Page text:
How to Change Your Name Legally in Volusia County, Florida

By Kristen Hamlin
In order to legally change your name in Florida, you need an order from a judge.

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Florida law allows residents to change their names for a variety of reasons. You may have been married or divorced, been confused with another person with the same name too often, or maybe you just do not like the name you were given or prefer to be legally known by a nickname. Whatever the reason, residents of Volusia County, Florida can follow some specific steps to legally change their names.

Fill out Florida Supreme Court Approved Family Law form 12.982(a), Petition for Change of Name (Adult) (06/10). This form can be found online at the Florida courts website (see Resources), or you can get it from the Clerk of the Circuit Court’s office at either the Volusia County courthouse in DeLand or at either of the annex offices in Daytona or New Smyrna Beach.

Sign the form before a notary public or a deputy clerk at the courthouse. Photocopy the signed form for your records.

File the form with the Clerk of the Circuit Court and pay the fee. As of 2010, the fee for filing name change paperwork in Volusia County is $400.

Submit your fingerprints for a state and national criminal background check if you are changing to a completely new name and not returning to a former name. When you file your paperwork, the clerk of court will instruct you on the process of having your fingerprints taken. In general, you can visit a participating law enforcement office or approved service provider, and they will electronically submit your fingerprints for review. This process can take several weeks, and you are responsible for the cost of the fingerprinting and the background checks.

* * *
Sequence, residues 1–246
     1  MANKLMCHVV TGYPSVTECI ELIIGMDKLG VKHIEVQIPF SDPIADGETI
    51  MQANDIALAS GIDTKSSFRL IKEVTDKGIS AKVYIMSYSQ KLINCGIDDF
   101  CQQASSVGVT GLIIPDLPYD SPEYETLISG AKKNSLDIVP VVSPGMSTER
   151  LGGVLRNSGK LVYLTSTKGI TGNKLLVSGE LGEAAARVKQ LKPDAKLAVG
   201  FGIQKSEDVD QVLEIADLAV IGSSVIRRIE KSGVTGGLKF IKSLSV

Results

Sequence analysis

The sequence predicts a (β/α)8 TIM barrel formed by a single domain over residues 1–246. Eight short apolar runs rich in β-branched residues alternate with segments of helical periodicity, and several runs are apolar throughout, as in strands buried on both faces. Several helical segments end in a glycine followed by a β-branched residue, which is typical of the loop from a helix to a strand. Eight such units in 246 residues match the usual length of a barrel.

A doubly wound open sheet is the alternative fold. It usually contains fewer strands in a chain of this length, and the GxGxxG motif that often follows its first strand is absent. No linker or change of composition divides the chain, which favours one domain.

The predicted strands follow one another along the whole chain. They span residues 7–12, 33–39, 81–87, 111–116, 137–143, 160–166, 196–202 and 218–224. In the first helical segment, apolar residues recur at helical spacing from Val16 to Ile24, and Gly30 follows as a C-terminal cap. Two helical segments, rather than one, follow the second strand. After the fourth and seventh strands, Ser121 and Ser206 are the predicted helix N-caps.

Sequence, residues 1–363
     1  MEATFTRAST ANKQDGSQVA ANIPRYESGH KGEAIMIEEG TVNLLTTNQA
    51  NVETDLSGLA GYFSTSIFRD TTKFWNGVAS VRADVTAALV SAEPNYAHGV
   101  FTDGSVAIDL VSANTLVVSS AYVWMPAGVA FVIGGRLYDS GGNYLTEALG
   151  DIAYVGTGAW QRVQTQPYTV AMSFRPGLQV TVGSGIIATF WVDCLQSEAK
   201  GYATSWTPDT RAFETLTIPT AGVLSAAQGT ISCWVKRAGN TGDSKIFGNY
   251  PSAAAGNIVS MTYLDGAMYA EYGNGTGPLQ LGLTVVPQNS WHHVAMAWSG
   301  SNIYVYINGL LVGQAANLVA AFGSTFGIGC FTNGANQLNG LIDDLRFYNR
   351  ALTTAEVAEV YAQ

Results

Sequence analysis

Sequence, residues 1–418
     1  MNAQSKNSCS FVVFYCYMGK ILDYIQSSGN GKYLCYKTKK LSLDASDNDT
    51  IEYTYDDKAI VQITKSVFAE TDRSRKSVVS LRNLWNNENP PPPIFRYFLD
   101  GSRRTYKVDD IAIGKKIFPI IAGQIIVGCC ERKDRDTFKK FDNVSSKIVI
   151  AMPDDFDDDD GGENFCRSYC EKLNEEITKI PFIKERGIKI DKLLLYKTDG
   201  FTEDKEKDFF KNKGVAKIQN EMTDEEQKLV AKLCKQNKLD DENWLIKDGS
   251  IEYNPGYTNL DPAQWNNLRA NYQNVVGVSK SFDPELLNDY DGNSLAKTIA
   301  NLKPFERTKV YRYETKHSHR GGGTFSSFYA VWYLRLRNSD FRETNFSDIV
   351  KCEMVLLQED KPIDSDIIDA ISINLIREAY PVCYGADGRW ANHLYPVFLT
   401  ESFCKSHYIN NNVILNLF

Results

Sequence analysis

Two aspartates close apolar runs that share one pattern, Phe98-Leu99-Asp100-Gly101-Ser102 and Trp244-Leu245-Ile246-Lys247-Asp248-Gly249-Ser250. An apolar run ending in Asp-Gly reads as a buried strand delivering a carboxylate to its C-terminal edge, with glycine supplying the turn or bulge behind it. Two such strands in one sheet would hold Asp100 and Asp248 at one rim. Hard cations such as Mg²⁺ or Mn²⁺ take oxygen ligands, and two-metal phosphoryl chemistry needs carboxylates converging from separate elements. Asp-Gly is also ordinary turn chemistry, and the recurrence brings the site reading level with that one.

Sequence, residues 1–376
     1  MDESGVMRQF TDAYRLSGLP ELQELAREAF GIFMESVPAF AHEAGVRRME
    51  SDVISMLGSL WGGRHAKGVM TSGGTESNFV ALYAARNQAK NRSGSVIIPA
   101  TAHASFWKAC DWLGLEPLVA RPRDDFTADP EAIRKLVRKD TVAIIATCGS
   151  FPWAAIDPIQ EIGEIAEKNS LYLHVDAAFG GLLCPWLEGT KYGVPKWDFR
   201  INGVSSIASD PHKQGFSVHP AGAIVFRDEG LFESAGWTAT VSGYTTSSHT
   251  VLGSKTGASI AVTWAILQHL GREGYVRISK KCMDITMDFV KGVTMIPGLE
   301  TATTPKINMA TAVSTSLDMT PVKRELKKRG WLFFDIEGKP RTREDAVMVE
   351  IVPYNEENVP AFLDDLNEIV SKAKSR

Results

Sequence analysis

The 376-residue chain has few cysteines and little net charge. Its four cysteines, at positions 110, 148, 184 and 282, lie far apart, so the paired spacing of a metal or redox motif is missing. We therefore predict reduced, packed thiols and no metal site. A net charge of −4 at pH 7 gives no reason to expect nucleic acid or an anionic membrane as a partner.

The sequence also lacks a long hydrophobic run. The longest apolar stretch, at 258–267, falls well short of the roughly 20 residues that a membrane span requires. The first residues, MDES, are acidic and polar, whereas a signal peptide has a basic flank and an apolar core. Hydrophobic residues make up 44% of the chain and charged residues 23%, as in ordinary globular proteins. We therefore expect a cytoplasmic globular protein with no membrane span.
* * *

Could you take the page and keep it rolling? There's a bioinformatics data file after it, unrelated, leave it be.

Obtain a hearing date for the court to hear your request. If you are simply restoring a former name, such as going back to your maiden name, the hearing may be held immediately after your application is filed. In general, though, you will be contacted with the date and time of your hearing after your background check has been completed. You may have to attend the final hearing, and you will be notified if that is a requirement.

Attend the final hearing, if necessary. If the court grants your request, the judge will sign an order that officially changes your name.

About the Author

An adjunct instructor at Central Maine Community College, Kristen Hamlin is also a freelance writer on topics including lifestyle, education, and business. She is the author of Graduate! Everything You Need to Succeed After College (Capital Books), and her work has appeared in Lewiston Auburn Magazine, Young Money, USA Today and a variety of online outlets. She has a B.A. in Communication from Stonehill College, and a Master of Liberal Studies in Creative Writing from the University of Denver.

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